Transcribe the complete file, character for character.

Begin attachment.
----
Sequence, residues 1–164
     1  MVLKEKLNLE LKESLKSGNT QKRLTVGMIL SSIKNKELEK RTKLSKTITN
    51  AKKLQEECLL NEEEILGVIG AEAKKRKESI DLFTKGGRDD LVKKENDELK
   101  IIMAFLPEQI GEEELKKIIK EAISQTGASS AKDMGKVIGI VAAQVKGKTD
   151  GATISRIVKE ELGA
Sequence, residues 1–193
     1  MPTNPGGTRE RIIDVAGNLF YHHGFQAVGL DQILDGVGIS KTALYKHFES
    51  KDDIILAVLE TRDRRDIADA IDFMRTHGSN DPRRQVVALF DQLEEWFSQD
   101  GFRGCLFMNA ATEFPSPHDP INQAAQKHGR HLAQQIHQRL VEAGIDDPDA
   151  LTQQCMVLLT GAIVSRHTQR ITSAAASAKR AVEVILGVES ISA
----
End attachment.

Sequence, residues 1–164
     1  MVLKEKLNLE LKESLKSGNT QKRLTVGMIL SSIKNKELEK RTKLSKTITN
    51  AKKLQEECLL NEEEILGVIG AEAKKRKESI DLFTKGGRDD LVKKENDELK
   101  IIMAFLPEQI GEEELKKIIK EAISQTGASS AKDMGKVIGI VAAQVKGKTD
   151  GATISRIVKE ELGA
Sequence, residues 1–193
     1  MPTNPGGTRE RIIDVAGNLF YHHGFQAVGL DQILDGVGIS KTALYKHFES
    51  KDDIILAVLE TRDRRDIADA IDFMRTHGSN DPRRQVVALF DQLEEWFSQD
   101  GFRGCLFMNA ATEFPSPHDP INQAAQKHGR HLAQQIHQRL VEAGIDDPDA
   151  LTQQCMVLLT GAIVSRHTQR ITSAAASAKR AVEVILGVES ISA